Considerations for Buying an Aircraft

August 24, 2022

Questions to Ask Before Signing Up for a Jet Card

Weigh the Value of a Membership Versus Owning a Private Jet

If your organization’s leaders find themselves regularly boarding commercial airlines for business trips, then it may be time to consider switching to private aviation. This sector provides frequent travelers with a range of options at various prices, from chartering flights, to jet cards, to fractional ownership, to owning a business jet.

Jet card programs tend to be the logical first step for business travelers, but they aren’t for everyone. Explore jet card memberships and what you should be asking about when shopping around, but don’t forget to also consider the added value that owning a private jet brings satisfying to your business leaders’ travel needs.

Three Types of Jet Card Programs
Companies that offer jet cards fall into three basic categories. Members may have very different experiences with each of them, so understanding which category the companies you’re considering fall under is important.

  • Fractional and closed-fleet operators

  • Fleet managers and operators (offering “access” or “membership” programs)

  • Charter aircraft brokers

How Jet Cards Work
Jet cards are for travelers who need some flexibility, without long-term contracts, or monthly management costs. Depending on your needs, you can buy a fixed number of flight hours - usually about 25 - or deposit a dollar amount which is then paid out to the provider at an hourly rate when you fly.

Questions to Ask About Membership
When choosing a jet card provider, your first questions should pertain to cost and service. Experts recommend asking the following to guide your decision.

  • Are the hourly rates I’m paying for guaranteed, even during peak travel times?

  • Are there any additional fees I’ll need to pay (repositioning, overnight, etc.)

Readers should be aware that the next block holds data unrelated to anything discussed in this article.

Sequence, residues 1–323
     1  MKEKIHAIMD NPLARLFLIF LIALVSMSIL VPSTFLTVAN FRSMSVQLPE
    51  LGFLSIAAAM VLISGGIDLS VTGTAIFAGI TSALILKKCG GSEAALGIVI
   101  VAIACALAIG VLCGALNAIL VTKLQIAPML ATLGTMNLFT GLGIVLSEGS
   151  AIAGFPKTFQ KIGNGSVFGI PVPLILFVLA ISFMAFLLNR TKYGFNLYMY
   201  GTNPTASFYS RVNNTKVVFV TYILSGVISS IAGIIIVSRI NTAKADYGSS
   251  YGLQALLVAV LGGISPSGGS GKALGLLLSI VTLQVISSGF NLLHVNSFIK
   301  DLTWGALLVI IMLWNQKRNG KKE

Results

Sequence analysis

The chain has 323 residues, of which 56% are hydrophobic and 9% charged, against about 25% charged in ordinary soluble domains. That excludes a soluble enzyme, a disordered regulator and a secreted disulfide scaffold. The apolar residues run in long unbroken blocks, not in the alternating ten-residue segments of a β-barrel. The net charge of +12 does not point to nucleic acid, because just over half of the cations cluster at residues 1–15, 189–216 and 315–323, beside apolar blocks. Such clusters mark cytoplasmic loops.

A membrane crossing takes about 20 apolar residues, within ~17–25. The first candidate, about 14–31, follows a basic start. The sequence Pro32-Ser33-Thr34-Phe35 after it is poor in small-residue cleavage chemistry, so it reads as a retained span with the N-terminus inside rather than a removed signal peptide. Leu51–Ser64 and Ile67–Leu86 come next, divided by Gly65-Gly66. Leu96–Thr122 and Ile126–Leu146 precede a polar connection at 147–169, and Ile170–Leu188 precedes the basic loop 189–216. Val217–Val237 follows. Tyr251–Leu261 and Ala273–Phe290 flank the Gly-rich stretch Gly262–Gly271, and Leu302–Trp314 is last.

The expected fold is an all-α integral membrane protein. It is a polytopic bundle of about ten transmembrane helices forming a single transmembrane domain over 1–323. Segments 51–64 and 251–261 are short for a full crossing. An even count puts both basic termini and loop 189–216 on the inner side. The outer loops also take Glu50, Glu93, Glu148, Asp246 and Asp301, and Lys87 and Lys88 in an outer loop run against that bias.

• Do the hourly rates expire? Are there blackout periods?

  • Can I travel anywhere in the world, or is there a geographic area included in your program?

  • How far in advance must I request a flight? Cancel a flight?

  • Can we request a specific aircraft type? Or can we request not to fly in a specific aircraft?

  • Can we use our own escrow account? Where do you keep your escrow deposits?

Operations Questions for Jet Card Providers
After you understand the cost of the program, you can narrow down your finalists based on their answers to questions about how their business operates and the kinds of business jets they own and fly.

  • How long has the operator been in business?

  • What is the fleet’s independent safety rating? What is the operator’s safety record?

  • What insurance coverage does the operator carry? What are the coverages per person, per incident, or per aircraft type?

  • What is the average business jet age in the fleet?

  • What kinds of aircraft are included?

  • How are the aircraft maintained? Who maintains them?

Business Jet Crew Questions
You’ll want to know your organization’s leaders are in good hands. Ask these questions about the pilots and crew manning the flights.

  • What level of training and licensure do your pilots have? How often do they receive training?

  • Are there two pilots on every flight? Are both rated in the aircraft they’re flying?

  • Do you provide any additional crew members for the flight?

When Is It More Worthwhile to Buy a Used Private Jet?
For business travelers for whom a jet card is inadequate, owning a private jet may be a smarter solution. And with so many pre-owned jets for sale today, it’s likely that your organization could make a better financial decision by purchasing an aircraft.

A jet card doesn’t guarantee you a seat on an aircraft, and they usually limit where you can travel. If your company grows since purchasing your membership, your new leaders may not be covered. You also may need to pay additional fees for flights outside of your usual business jet size, or if you need to fly at certain dates and times.

If your organization’s executives travel throughout the year, your jet card costs could run you more than $100,000 per person or more. Depending on the number of business leaders in your organization, it is fiscally more responsible to purchase a used private jet that frees you from restrictions and limitations, especially if your leaders collectively travel at least 300 flight hours per year.

If you find that owning a private jet is more cost-effective than purchasing jet cards for your leaders, then it’s time to start shopping for a business jet.

Get on the Path to Private Jet Ownership

If your business is ready to buy an aircraft or expand your fleet, your first move is to partner with an International Aircraft Dealers Association (IADA) Accredited Aircraft Dealer. These dealers and brokers undergo a rigorous vetting process and vow to follow ethical business practices in every transaction. They’re also the only industry leaders who can list private jets for sale on, the exclusive listing site for IADA.

Get started by finding an IADA Accredited Aircraft Dealer, then browse listings of used private jets for sale on AircraftExchange.